But what if the situation is not clear cut? What if the TOCs are half right? What if, for example, oil shale were to become a low-cost, high-volume source of oil for the world in relatively short order because of technological breakthroughs (which the techno-optimists keep telling us are inevitable)? There is as much potential oil locked in oil shale in the American West as in all the world's known oil reserves combined. (Link opens to large PDF prepared by the U. S. Energy Information Administration.)

But herein lies the problem. The TOCs cannot count on solving any single ecological or resource problem in isolation. For as those who understand oil shale know, both large amounts of water and large amounts of energy will be necessary to extract oil from it.

No worries, say the TOCs. We'll design a process that needs neither copious quantities of water nor extravagant amounts of energy.

So, let's say they succeed, and let's assume there is enough other oil production to sustain projections of world economic and population growth through 2050. Now, all the other resource and ecosystem problems are likely to get worse.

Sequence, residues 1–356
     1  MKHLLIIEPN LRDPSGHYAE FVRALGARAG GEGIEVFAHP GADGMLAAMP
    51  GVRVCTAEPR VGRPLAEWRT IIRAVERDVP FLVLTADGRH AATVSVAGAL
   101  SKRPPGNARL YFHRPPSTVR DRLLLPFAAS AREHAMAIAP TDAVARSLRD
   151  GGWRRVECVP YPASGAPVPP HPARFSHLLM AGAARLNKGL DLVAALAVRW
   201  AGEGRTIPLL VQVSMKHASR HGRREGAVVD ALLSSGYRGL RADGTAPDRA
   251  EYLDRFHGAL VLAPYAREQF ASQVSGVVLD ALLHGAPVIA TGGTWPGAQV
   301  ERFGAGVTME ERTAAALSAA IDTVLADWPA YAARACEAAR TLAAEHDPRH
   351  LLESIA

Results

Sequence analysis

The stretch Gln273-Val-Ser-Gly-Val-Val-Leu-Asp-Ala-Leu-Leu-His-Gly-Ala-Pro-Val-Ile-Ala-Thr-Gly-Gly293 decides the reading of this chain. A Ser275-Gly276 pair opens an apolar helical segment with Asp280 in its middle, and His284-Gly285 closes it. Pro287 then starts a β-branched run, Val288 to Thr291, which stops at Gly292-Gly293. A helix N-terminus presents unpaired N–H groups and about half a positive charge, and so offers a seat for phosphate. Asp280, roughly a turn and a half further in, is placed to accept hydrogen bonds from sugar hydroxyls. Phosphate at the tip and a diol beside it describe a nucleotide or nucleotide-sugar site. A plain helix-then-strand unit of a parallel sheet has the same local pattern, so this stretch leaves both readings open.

No problem, respond the TOCs. First, we'll fix the climate through geoengineering. We'll put mirrors in space to intercept a portion of the sunlight and reverse global warming.

Are you sure this won't create perverse climate effects in various regions or localities? We think there won't be a problem, the TOCs say. (Not particularly reassuring.)

But what about the acidification of the oceans that is a byproduct of rising carbon dioxide emissions? We'll put quicklime in the oceans, they respond. That will solve it.

But where will you get the energy to produce the quicklime from limestone? We'll get it from flared gas, solar thermal and nuclear power, say the TOCs.

And, for projects of this scale, how will you convince the public to pay for these gargantuan public works projects? For example, the energy requirements for producing the quicklime alone would be equivalent to one-third the total production of oil each year!

We're scientists and technologists, not politicians, the TOCs respond. Somebody will have to convince the public.